• For instants other than preventive that are selected, a list of contingencies after which these elements are monitored at defined instants (the contingences shall be identified by their CIM CRAC mRIDs as they figure in the B55 Series/Contingency_Series)
  • For every instant, the minimum and maximum voltage thresholds to be respected for every nominal voltage level.
    See example below for a better illustration.

full CIM example #

// Create CracCreationParameters and set global parameters
CracCreationParameters cracCreationParameters = new CracCreationParameters();
// Create CIM-specific parameters
CimCracCreationParameters cimParameters = new CimCracCreationParameters();
// Only read TimeSeries with mRIDs "border1-ts1" and "border1-ts2" from the CIM CRAC
cimParameters.setTimeseriesMrids(Set.of("border1-ts1", "border1-ts2"));
// Align rangeAction1 with rangeAction2 and rangeAction10 with rangeAction11
cimParameters.setRangeActionGroupsAsString(List.of("rangeAction1 + rangeAction2", "rangeAction10 + rangeAction11"));
// rangeAction1 and rangeAction2 are automatons that act faster than rangeAction3
cimParameters.setRemedialActionSpeed(Set.of(
    new RangeActionSpeed("rangeAction1", 1),
    new RangeActionSpeed("rangeAction2", 1),
    new RangeActionSpeed("rangeAction3", 2)
));
// Define voltage CNECs to be created
// Monitor these voltage levels (using their IDs in the network):
Set<String> voltageMonitoredElements = Set.of("ne1", "ne2");
// At preventive instant, constrain voltage CNECs:
// - with a nominal V of 400kV, to stay between 395 and 430kV
// - with a nominal V of 200kV, to stay above 180kV
Map<Double, VoltageThreshold> preventiveVoltageThresholds = Map.of(
    400., new VoltageThreshold(Unit.KILOVOLT, 395., 430.),
    200., new VoltageThreshold(Unit.KILOVOLT, 180., null)
);
// At curative instant, constrain voltage CNECs:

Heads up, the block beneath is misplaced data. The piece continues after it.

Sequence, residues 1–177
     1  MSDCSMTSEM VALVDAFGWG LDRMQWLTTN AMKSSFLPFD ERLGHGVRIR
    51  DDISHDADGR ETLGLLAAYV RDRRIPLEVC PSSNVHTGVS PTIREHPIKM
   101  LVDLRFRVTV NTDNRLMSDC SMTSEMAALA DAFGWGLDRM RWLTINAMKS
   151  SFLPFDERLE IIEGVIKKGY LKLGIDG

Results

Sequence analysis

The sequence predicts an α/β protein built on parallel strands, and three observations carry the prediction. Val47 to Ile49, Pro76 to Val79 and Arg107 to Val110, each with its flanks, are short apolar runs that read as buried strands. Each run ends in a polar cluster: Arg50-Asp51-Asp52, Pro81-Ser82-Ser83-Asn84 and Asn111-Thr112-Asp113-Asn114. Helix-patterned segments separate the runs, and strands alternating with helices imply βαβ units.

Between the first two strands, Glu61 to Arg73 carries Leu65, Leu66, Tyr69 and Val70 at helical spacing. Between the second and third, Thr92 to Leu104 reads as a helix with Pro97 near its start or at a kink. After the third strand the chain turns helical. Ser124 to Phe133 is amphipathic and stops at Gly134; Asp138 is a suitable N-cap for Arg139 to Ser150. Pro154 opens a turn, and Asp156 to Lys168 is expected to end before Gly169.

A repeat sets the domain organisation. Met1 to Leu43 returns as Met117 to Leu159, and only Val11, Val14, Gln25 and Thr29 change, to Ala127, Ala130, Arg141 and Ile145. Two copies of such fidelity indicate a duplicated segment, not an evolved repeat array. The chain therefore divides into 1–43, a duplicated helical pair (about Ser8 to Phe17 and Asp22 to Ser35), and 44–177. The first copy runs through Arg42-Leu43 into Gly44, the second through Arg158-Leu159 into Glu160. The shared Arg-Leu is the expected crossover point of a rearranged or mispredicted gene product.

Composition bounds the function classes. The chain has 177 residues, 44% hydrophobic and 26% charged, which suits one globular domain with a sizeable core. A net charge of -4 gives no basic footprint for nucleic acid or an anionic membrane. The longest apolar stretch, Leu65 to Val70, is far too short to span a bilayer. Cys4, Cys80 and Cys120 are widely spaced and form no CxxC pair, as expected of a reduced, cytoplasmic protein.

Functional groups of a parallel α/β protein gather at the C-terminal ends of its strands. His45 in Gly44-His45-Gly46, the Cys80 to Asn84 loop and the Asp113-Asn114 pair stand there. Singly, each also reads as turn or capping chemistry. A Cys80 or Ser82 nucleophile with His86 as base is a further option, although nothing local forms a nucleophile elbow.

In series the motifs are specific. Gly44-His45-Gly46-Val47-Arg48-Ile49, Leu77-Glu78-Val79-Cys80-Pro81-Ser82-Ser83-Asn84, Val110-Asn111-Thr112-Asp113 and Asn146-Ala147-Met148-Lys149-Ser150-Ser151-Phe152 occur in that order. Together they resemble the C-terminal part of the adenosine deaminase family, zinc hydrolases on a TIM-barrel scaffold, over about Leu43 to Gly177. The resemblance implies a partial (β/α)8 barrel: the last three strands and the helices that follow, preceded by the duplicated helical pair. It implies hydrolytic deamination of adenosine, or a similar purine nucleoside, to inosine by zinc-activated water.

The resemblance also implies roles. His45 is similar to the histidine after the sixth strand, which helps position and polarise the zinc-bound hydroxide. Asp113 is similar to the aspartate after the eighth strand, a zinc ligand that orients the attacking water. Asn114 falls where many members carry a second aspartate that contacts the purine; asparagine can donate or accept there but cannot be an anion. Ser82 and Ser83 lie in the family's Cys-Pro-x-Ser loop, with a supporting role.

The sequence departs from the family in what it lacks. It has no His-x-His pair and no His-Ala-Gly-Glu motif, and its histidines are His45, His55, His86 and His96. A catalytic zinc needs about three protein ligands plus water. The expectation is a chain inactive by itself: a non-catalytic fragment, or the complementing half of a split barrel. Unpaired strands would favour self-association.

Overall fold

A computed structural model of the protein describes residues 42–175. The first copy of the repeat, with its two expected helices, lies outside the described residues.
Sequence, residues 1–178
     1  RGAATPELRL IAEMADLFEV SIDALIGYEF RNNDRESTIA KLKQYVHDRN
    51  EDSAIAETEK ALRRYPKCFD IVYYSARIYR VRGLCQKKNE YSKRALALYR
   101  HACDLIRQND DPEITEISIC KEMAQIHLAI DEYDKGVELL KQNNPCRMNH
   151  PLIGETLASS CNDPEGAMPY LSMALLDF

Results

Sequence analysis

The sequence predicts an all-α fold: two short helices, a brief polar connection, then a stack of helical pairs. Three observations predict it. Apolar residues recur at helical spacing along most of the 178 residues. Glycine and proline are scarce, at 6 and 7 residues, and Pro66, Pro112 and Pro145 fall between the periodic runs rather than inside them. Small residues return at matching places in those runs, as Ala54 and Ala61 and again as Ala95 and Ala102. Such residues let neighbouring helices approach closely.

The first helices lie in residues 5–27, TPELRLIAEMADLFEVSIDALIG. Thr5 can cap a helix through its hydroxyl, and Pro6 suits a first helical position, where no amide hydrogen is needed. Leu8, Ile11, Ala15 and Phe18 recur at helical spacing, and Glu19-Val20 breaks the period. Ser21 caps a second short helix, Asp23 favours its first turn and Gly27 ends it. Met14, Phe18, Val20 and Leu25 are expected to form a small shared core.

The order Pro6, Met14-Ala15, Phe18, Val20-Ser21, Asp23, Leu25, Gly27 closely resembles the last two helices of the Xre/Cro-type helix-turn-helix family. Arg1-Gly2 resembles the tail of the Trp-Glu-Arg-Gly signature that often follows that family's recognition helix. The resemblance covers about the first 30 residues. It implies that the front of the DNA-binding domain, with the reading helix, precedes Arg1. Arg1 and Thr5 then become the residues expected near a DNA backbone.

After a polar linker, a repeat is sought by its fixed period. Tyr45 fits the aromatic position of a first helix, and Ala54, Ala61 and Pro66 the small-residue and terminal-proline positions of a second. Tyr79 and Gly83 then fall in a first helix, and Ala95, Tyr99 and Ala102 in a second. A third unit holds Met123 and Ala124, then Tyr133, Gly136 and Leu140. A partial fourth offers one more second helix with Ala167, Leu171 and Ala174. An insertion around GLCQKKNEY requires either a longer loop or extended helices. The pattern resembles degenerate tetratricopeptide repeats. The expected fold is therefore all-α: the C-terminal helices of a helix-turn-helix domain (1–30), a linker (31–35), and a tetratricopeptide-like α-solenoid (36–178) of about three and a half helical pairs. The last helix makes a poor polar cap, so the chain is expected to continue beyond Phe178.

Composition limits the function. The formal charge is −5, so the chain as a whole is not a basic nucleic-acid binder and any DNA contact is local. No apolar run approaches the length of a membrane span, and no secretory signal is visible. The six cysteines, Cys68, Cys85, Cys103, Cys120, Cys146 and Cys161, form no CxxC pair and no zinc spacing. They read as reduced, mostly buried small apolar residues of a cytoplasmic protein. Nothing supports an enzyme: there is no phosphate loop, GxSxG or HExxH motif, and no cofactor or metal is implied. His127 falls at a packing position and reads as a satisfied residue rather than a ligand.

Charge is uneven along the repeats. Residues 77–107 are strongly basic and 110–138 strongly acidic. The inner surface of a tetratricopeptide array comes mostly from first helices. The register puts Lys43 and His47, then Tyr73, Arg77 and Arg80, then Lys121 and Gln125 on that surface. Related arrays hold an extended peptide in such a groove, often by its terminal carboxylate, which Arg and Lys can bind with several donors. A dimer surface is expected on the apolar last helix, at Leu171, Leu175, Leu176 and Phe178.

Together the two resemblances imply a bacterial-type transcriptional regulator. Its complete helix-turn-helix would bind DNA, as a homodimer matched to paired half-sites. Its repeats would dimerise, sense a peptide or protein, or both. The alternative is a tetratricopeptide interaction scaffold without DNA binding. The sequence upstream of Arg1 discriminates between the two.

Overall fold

// - with a nominal V of 400kV, to stay between 380 and 430kV
// - with a nominal V of 210kV, to stay below 230kV
Map<Double, VoltageThreshold> curativeVoltageThresholds = Map.of(
    400., new VoltageThreshold(Unit.KILOVOLT, 380., 430.),
    210., new VoltageThreshold(Unit.KILOVOLT, null, 230.)
);
// Define these voltage CNECs for the following contingencies, as identified in the CIM CRAC:
Set<String> voltageContingencies = Set.of("N-1 ONE", "N-1 TWO");
// Put all this together in the CIM CRAC creation parameters
cimParameters.setVoltageCnecsCreationParameters(new VoltageCnecsCreationParameters(
    Map.of(
        "preventive", new VoltageMonitoredContingenciesAndThresholds(null, preventiveVoltageThresholds),
        "curative", new VoltageMonitoredContingenciesAndThresholds(voltageContingencies, curativeVoltageThresholds)
    ),
    voltageMonitoredElements
));
// Add CIM extension to CracCreationParameters
cracCreationParameters.addExtension(CimCracCreationParameters.class, cimParameters);
{
  "crac-factory": "CracImplFactory",
  "default-monitored-line-side": "monitor-lines-on-both-sides",
  "extensions": {
    "CimCracCreatorParameters": {
      "timeseries-mrids" : [ "border1-ts1", "border1-ts2" ],
      "range-action-groups": [
        "rangeAction1 + rangeAction2",
        "rangeAction10 + rangeAction11"
      ],
      "range-action-speeds": [
        {
          "range-action-id": "rangeAction1",
          "speed": 1
        },
        {
          "range-action-id": "rangeAction2",
          "speed": 1
        },
        {
          "range-action-id": "rangeAction3",
          "speed": 2
        }
      ],
      "voltage-cnecs-creation-parameters": {
        "monitored-states-and-thresholds": [
          {
            "instant": "preventive",
            "thresholds-per-nominal-v": [
              {
                "nominalV": 400,
                "unit": "kilovolt",
                "min": 395,
                "max": 430
              },
              {
                "nominalV": 200,
                "unit": "kilovolt",
                "min": 180
              }
            ]
          },
          {
            "instant": "curative",
            "thresholds-per-nominal-v": [
              {
                "nominalV": 400,
                "unit": "KiloVolt",
                "min": 380,
                "max": 430
              },
              {
                "nominalV": 210,
                "unit": "KILOVOLT",
                "max": 230
              }
            ],
            "contingency-names": [
              "N-1 ONE",
              "N-1 TWO"
            ]
          }
        ],
        "monitored-network-elements": [
          "ne1",
          "ne2"
        ]
      }
    }
  }
}

See also

CSE CRAC format, CIM CRAC format